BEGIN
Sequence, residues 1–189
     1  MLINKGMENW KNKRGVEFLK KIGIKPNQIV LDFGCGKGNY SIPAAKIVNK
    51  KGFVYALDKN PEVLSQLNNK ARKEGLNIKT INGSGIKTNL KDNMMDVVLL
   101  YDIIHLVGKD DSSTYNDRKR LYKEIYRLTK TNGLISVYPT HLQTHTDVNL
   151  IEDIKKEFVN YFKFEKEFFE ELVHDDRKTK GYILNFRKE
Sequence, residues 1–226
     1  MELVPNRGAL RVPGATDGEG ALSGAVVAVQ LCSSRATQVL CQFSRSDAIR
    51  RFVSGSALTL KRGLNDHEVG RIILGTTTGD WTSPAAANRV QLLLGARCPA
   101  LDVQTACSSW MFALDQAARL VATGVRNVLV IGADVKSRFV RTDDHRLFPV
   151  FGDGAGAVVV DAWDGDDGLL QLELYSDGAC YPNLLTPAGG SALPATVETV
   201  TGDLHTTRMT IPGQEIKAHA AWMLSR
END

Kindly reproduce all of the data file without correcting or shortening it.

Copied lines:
Sequence, residues 1–189
     1  MLINKGMENW KNKRGVEFLK KIGIKPNQIV LDFGCGKGNY SIPAAKIVNK
    51  KGFVYALDKN PEVLSQLNNK ARKEGLNIKT INGSGIKTNL KDNMMDVVLL
   101  YDIIHLVGKD DSSTYNDRKR LYKEIYRLTK TNGLISVYPT HLQTHTDVNL
   151  IEDIKKEFVN YFKFEKEFFE ELVHDDRKTK GYILNFRKE
Sequence, residues 1–226
     1  MELVPNRGAL RVPGATDGEG ALSGAVVAVQ LCSSRATQVL CQFSRSDAIR
    51  RFVSGSALTL KRGLNDHEVG RIILGTTTGD WTSPAAANRV QLLLGARCPA
   101  LDVQTACSSW MFALDQAARL VATGVRNVLV IGADVKSRFV RTDDHRLFPV
   151  FGDGAGAVVV DAWDGDDGLL QLELYSDGAC YPNLLTPAGG SALPATVETV
   201  TGDLHTTRMT IPGQEIKAHA AWMLSR